​Something else to consider when arranging for your watercolour painting to be hung up in a way that preserves the painting for years to come is the frame itself, in addition to the location and light sources that the painting is exposed to. As with all painting, watercolours stand much to benefit from archival framing techniques, which employ materials that do not interact with any of the materials that the painting is made up from. The pins, wooden frame, and mat board should all be made from nonreactive sources that do not affect the paper of the painting, especially over a long period of time, and can be taken apart and replaced with time without at all risking the integrity of either pigment or paper.

For example, the mat backing of the frame should only ever be made using cotton or linen, preferably those that do not contain any acid in their preparation, as it can damage the paper. Similarly you’ll want to avoid adhesion at all costs, since most glues are non-archival, and, especially when it comes the fragile materials of a watercolour painting, cannot be removed without causing damage to the painting, which could be necessary in the future, should the frame start to break down or become damaged in any way. Using archival framing of high quality is a simple measure that saves a lot of work in the long run.

​As previously stated, one of the best ways to prevent sunlight from rapidly fading your watercolour paintings, which can happen over a matter of a few months if left exposed and unprotected, is to keep it behind a pane of glass. However, not all panes of glass are the same, and some forms of glass serve much greater protection than others.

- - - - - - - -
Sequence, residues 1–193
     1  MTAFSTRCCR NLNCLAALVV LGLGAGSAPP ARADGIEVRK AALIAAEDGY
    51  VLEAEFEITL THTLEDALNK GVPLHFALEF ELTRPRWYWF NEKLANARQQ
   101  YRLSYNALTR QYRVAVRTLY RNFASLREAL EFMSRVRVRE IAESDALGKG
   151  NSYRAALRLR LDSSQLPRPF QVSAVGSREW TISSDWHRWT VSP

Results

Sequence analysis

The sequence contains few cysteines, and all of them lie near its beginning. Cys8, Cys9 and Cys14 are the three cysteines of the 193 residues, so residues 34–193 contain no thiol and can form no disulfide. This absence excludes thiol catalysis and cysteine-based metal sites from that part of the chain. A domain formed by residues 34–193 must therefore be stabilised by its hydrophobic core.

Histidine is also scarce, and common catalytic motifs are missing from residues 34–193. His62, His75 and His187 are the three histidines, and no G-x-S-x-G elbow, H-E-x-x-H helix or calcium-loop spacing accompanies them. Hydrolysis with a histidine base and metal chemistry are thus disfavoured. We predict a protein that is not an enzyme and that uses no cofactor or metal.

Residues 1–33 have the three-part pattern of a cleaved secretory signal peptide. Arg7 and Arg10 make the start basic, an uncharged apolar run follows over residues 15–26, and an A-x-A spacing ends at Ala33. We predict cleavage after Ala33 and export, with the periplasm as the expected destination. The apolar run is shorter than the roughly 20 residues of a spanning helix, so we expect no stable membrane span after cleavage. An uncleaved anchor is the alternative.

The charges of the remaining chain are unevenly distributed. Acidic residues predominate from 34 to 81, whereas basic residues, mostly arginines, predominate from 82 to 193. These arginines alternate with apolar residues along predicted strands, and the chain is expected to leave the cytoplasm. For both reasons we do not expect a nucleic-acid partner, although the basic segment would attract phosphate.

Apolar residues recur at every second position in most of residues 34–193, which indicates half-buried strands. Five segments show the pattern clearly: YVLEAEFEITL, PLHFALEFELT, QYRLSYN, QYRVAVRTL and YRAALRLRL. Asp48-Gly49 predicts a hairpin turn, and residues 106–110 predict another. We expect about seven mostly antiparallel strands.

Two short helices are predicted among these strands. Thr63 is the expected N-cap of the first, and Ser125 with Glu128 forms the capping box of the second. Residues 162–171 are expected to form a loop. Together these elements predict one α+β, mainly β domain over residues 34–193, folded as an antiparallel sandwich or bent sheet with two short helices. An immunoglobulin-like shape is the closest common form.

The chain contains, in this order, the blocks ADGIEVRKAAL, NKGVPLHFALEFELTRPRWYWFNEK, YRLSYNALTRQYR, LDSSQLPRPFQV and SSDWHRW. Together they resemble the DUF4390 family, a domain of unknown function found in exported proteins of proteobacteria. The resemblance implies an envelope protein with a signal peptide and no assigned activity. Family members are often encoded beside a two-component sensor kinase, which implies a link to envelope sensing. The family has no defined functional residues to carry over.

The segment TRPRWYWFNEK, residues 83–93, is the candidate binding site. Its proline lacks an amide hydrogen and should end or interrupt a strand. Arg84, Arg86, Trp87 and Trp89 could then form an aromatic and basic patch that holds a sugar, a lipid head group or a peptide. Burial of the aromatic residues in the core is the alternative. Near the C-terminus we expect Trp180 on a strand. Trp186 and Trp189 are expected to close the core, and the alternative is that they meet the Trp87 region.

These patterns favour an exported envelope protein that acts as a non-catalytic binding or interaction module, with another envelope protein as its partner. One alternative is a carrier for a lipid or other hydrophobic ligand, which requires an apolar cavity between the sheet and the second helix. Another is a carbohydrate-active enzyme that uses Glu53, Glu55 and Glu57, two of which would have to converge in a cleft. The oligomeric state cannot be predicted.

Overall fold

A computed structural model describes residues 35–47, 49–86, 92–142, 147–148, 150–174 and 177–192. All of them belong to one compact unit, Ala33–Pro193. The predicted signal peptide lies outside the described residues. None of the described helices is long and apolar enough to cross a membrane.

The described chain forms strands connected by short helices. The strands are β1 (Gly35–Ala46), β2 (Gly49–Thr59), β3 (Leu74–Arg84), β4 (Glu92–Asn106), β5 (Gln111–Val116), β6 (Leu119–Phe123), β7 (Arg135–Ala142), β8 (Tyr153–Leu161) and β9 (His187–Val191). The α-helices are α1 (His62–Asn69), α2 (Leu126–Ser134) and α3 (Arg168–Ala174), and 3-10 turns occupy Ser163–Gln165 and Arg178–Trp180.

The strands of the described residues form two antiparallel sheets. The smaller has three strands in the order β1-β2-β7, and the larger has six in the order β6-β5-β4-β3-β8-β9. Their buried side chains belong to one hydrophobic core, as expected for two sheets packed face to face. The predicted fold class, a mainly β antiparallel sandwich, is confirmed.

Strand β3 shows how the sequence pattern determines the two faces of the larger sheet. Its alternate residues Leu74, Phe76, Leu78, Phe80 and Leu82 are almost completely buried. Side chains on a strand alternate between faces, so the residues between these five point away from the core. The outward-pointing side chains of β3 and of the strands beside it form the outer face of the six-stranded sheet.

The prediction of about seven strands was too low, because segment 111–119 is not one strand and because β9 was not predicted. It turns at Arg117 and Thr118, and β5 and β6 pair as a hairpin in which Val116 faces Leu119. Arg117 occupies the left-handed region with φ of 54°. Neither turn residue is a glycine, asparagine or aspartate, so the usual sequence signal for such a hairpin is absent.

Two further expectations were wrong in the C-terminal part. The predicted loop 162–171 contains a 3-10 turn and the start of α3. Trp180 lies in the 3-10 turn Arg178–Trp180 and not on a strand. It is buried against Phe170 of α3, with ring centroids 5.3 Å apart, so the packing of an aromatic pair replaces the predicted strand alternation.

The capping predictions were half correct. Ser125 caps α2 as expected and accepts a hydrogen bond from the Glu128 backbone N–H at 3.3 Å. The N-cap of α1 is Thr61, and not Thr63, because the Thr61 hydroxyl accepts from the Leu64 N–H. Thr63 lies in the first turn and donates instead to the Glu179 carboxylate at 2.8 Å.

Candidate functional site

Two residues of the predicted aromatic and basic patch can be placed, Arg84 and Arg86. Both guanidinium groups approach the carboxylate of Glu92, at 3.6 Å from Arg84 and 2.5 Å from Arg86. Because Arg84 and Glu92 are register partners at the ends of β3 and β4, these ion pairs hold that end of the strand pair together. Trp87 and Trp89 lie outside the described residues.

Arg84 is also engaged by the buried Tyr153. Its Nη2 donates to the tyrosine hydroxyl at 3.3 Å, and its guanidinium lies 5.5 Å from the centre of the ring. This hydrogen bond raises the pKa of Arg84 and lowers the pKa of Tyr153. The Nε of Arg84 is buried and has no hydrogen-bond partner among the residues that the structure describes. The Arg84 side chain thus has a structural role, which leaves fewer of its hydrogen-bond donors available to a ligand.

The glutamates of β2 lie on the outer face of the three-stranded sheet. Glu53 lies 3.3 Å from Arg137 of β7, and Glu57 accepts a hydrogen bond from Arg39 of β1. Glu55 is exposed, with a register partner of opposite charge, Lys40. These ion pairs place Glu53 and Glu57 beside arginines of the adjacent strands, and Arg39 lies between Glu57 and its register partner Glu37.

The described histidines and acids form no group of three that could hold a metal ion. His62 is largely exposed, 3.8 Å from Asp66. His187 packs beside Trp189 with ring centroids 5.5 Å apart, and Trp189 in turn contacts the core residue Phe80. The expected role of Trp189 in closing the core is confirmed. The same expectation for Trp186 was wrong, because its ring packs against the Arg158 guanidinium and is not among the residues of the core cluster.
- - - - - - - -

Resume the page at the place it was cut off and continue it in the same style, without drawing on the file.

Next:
For example, a regular glass frame shields your watercolour painting from a little over 50% of harmful UV rays, which is still a great deal. But more modern techniques, investing in other forms of glass, like conservation glass, glass with a layer of protective arcylic, and museum glass, can reflect as much as 99% of UV, and make it so you can present your painting in full light with minimal fading.

When it comes to selecting which of the options is right for you, the pricing is a major component, as well as the different ways that the glass filters or reflects light and the effect that it has on your painting. Conservation glass has a layer that reflects glass outwards, which protects your painting effectively, but is also has a slightly opaque, greenish tone, which obfuscates the original colours of your painting. More expensive museum glass functions by filtering the light through many small layers of glass, meaning that less than 1% of the UV reaches down to the painting below, and it has the additional effect of illuminating your painting, because the natural light is allowed to filter through to the surface below, with the harmful UV rays unable to effect the paper of the pigments.

Ultimately, however the choice is yours, and with the right techniques and equipment, you should be able to exhibit your watercolour paintings for many years to come without compromising the longevity of the painting itself. After all, art is meant to be appreciated.